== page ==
What is the responsibility of the president, treasurer and secretary?
What is the responsibility of the president, treasurer and secretary? The president is typically responsible for entering into contracts on behalf of the corporation; the treasurer is responsible for maintaining and accounting for corporate funds; and the secretary is responsible for observing corporate formalities and maintaining corporate records. In addition to these required officer positions, a corporation may also have vice presidents and/or assistant secretaries or assistant treasurers. Typically, the authority and responsibilities of each officer is described in the corporate bylaws and may be further defined by an employment contract or job description. The President: The president has the overall executive responsibility for the management of the corporation and is directly responsible for carrying out the orders of the Board of Directors. The Board of Directors usually elects him or her. The Treasurer: The treasurer is the chief financial officer of the corporation and is responsible for controlling and recording its finances and maintaining corporate bank accounts. Actual fiscal policy of the corporation may rest with the Board of Directors and be largely controlled by the president on a day-to-day basis. The Secretary: The secretary is typically responsible for maintaining the corporate records.
What are the directors’ and officers’ corporate liability?
Under normal circumstances, officers, directors, managers, etc. do not have personal liability for lawful acts of the corporation. In addition, in Nevada statutes, the owners are not the “appropriate” party to a lawsuit. The company may also indemnify any officer, director, manager, etc. from personal liability.
What is a Board of Directors?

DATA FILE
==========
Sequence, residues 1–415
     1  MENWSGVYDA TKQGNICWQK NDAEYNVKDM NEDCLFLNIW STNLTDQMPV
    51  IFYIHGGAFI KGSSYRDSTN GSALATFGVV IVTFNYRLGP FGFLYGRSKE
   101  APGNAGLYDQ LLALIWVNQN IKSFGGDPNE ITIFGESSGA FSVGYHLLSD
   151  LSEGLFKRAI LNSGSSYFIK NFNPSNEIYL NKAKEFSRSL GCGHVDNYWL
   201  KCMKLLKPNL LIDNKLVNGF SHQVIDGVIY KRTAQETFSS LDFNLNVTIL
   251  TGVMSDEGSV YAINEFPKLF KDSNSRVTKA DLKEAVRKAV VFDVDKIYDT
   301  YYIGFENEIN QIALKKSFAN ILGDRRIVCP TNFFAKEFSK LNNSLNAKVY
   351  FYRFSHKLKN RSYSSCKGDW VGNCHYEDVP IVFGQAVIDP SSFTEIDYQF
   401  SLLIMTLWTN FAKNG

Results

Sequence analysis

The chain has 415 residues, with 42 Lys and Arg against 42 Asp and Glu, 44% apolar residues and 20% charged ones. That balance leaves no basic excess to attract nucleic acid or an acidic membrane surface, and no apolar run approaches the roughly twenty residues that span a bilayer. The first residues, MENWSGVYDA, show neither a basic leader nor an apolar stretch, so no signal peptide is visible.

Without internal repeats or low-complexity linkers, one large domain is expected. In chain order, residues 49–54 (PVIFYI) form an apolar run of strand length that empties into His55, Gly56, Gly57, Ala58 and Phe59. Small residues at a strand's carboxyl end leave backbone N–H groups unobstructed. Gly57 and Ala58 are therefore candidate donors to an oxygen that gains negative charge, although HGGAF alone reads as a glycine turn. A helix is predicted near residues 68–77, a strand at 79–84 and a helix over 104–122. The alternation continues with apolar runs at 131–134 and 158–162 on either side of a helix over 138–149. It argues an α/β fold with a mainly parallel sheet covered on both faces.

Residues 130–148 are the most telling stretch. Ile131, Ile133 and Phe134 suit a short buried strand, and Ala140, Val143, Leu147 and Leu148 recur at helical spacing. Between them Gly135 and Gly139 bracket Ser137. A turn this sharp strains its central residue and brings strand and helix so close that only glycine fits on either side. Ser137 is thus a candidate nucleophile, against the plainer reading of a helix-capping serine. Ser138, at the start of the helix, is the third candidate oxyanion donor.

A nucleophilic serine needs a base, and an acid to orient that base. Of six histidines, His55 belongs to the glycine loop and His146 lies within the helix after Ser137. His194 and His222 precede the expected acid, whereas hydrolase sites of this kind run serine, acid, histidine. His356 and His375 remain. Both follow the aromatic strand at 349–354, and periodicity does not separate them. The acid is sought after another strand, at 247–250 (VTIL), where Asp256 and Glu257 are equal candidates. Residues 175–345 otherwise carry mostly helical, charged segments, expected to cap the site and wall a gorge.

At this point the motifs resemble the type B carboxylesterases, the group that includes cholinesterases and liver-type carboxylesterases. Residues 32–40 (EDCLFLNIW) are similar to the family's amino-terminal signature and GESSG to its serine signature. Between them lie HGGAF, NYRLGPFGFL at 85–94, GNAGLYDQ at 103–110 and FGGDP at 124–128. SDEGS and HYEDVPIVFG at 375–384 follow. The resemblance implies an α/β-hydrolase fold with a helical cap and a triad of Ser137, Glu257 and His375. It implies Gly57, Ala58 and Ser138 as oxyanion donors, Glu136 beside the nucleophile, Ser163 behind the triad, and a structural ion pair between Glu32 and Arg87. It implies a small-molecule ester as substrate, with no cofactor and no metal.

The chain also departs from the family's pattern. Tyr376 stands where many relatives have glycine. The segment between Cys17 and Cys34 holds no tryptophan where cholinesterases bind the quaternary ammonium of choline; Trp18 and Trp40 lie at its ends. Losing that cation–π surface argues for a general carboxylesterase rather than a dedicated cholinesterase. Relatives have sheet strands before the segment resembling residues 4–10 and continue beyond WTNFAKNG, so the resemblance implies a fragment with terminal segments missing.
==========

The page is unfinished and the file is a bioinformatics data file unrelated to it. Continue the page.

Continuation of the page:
The Board of Directors is essentially the management body for the corporation. Responsibilities of the Board of Directors include establishing all business policies and approving major contracts and undertakings. In addition, the board may also elect the president. The officers and employees under the directives and supervision of these directors carry out ordinary business practices of the corporation. The directors must act collectively for their votes and decisions to be valid. That’s why directors may only act at a Board of Directors meeting. This, however, requires certain formalities. One such formality is that the directors all must be notified of a forthcoming meeting in a prescribed manner, although this can be waived or provided for in the corporation’s Articles of Incorporation or bylaws. For a directors’ meeting to be valid, there must also be a quorum of directors present. A quorum is usually a majority of the directors then serving on the board; however, the bylaws may specify another minimum number or percentage. The Board of Directors must meet on a regular basis (monthly or quarterly), but in no case less than annually. These are the regular board meetings. The board may also call special meetings for matters that may arise between regular meetings. In addition, boards may call a special shareholders’ meeting by adopting a resolution stating where and when the meeting is to be held and what business is to be transacted. The first meeting of the Board of Directors is important because the bylaws, the corporate seal, stock certificates and record books are adopted. Board members, like officers, have a fiduciary duty to act in the best interests of the corporation and cannot put their own interests ahead of the corporation’s. The board must also act prudently and not negligently manage the affairs of the corporation. Finally, the board must make certain that it properly exercises its authority in managing the corporation and does not abrogate its responsibilities to others. This means that the board must be very careful to document that each board action was reasonable, lawful and in the best interests of the corporation. This is particularly true with matters involving compensation, dividends and dealings involving officers, directors and stockholders. The record or corporate minutes of the meeting must include the arguments or statements to support the board’s action and they must detail why the action was proper.